Court of Appeal provides valuable guidance on cauda equine syndrome claims

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Court of Appeal provides valuable guidance on cauda equine syndrome claims

Published 7 December 2020

Hewes v (1) West Hertfordshire Acute Hospitals NHS Trust, (2) East of England Ambulance Service NHS Trust & (3) Dr Tanna provides valuable guidance from the Court of Appeal on cauda equina syndrome claims, and on the high bar for success when appealing a trial judge’s findings on the evidence.

The Background

Mr Hewes had a history of low back pain, with radiologically confirmed disc protrusions in his lumbar spine. On 12 March 2012 he woke at about 5am and noticed that his groin had become numb. He spoke to Dr Tanna, a GP working for the out-of-hours service, at about 6am and Dr Tanna (realising that Mr Hewes had symptoms which might suggest cauda equina syndrome) recommended that he should go to A&E. Shortly afterwards, Mr Hewes’ wife called the ambulance service and an ambulance was dispatched, arriving at their home at 7:21am and at the A&E department of Watford General Hospital at 8:19am. He was initially seen by an FY2 doctor in A&E, who referred him to the orthopaedic team, and then by the on-call orthopaedic doctor, who examined him, discussed him with an orthopaedic registrar, and made a plan for MRI scanning and bladder scanning. The scan was done between 1:33pm and 1:50pm and was reported as showing a massive L5/S1 disc herniation that occupied most of the central canal. Later that day Mr Hewes was transferred to the National Hospital for Neurology and Neurosurgery, where he was taken to theatre at 10:30pm for decompression surgery. Mr Hewes was, nonetheless, left with long term cauda equina-related symptoms. There had been a roughly 17 hour period between Dr Tanna having suspected cauda equina syndrome and decompression surgery having been carried out.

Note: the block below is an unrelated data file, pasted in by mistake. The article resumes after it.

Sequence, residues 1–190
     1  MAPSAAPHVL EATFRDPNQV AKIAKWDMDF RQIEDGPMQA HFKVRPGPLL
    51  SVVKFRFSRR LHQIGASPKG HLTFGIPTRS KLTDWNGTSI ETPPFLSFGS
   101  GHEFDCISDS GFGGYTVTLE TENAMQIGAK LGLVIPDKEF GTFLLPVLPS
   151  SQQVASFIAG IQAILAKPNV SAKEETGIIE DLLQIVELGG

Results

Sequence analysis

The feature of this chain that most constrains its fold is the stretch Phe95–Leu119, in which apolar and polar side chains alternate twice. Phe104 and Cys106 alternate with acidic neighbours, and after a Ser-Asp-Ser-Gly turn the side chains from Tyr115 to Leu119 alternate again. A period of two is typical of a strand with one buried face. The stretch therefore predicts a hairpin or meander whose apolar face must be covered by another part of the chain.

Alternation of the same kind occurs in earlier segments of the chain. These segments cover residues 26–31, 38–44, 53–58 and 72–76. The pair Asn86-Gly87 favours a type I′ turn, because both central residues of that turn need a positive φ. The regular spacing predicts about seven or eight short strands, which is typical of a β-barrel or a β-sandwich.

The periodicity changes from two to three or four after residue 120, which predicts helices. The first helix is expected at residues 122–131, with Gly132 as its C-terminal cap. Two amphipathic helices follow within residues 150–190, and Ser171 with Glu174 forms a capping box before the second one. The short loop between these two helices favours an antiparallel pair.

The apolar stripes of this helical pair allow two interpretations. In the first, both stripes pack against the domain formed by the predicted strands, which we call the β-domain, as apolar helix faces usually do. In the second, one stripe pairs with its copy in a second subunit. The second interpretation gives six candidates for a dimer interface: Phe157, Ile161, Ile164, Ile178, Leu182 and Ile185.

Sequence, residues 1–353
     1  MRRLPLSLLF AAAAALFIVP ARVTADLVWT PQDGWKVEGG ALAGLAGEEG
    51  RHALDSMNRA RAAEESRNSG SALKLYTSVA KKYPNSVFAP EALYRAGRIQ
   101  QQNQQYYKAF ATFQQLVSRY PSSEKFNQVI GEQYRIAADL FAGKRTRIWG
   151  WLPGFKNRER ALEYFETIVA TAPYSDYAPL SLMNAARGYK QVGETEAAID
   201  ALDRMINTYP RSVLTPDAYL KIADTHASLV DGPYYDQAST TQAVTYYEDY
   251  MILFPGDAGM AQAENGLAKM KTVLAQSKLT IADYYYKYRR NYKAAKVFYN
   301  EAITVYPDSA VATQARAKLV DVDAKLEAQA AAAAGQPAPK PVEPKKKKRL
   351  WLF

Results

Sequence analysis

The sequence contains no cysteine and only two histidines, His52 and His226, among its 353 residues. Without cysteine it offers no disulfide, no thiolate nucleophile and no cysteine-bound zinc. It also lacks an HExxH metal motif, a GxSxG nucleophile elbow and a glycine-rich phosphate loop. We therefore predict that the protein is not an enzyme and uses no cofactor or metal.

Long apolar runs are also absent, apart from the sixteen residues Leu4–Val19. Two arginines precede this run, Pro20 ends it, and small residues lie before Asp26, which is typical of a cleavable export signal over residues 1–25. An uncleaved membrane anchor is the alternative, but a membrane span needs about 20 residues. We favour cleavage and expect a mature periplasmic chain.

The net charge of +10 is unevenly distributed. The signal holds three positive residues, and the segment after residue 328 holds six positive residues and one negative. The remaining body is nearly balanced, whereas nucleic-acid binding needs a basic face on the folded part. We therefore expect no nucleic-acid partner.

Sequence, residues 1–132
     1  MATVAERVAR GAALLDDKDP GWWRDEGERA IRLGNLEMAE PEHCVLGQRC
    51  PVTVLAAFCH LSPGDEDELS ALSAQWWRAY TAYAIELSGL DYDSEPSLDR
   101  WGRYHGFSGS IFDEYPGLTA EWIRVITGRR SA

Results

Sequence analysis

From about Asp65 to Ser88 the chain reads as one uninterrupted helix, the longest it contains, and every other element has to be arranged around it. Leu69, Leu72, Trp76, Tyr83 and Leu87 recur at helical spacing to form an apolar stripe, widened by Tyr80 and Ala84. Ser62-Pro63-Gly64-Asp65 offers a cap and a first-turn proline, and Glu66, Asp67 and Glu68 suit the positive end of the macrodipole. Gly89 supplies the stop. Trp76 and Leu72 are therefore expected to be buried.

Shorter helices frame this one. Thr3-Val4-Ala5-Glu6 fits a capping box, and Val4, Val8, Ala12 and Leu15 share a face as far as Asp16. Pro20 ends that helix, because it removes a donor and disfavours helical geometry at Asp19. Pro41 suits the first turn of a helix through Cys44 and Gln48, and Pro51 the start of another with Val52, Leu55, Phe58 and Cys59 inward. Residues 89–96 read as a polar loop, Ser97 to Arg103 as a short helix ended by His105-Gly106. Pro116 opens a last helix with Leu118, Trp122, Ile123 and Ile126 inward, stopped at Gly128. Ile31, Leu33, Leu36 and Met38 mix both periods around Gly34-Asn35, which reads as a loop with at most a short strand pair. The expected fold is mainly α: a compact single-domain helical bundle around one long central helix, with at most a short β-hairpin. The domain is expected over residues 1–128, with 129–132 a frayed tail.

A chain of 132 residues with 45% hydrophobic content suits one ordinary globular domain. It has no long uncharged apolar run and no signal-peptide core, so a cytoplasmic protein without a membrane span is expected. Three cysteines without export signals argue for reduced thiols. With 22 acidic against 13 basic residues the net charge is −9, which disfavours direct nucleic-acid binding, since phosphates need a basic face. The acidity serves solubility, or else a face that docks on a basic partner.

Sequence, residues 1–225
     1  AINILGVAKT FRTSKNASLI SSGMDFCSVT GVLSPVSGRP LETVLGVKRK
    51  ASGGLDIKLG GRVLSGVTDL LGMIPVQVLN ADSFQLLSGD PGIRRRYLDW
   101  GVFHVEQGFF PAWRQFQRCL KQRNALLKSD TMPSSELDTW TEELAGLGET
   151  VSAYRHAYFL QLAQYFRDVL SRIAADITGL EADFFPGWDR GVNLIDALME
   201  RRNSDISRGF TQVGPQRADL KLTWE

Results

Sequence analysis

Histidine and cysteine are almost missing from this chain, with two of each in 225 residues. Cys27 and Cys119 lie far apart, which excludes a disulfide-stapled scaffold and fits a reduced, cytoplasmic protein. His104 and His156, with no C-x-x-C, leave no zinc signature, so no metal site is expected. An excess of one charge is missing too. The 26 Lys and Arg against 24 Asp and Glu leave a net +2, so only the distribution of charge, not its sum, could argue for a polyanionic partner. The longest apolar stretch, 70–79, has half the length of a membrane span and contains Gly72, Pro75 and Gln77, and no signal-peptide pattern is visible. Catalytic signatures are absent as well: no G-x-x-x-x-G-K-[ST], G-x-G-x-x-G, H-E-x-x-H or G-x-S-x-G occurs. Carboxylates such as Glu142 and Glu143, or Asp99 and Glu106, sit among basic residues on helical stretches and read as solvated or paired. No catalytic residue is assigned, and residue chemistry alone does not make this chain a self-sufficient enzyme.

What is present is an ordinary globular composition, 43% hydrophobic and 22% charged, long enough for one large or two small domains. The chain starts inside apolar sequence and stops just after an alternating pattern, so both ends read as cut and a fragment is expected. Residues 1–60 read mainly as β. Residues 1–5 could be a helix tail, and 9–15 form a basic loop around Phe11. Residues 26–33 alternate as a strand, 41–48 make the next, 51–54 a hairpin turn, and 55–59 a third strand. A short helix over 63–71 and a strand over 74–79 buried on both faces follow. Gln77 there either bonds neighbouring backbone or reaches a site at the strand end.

The Claimant alleged that (i) Dr Tanna should have contacted the hospital to ensure that he could bypass A&E and be seen straightaway by the orthopaedic team, (ii) the ambulance service did not prioritise his need for transfer to hospital appropriately, thereby causing delay in the transfer, and (iii) the hospital staff did not manage his care with sufficient urgency, thereby causing delay in the commencement of decompression surgery.

The Decision at First Instance

The trial judge held that there was no breach of duty by any of the Defendants (apart from a 19 minute delay by the ambulance service in transferring the Claimant to hospital, which it had admitted, but which made no difference to the outcome). She also found that, in any event, the Claimant could not reasonably have undergone decompression surgery in time to make a difference to the ultimate outcome.

The Grounds of Appeal

The Claimant appealed, arguing that that the judgment contained several factual errors, that the judge failed to deal with the totality of the evidence, and had failed to make a finding on what the Claimant felt was the central issue, i.e. that in cases of cauda equina syndrome time is of the essence, treatment must be provided as soon as practically possible, and the failure to do so in this case was “illogical and irrational”.

The Judgment

All of the Claimant’s submissions were rejected by the Court of Appeal. The key points arising out of the judgment are as follows: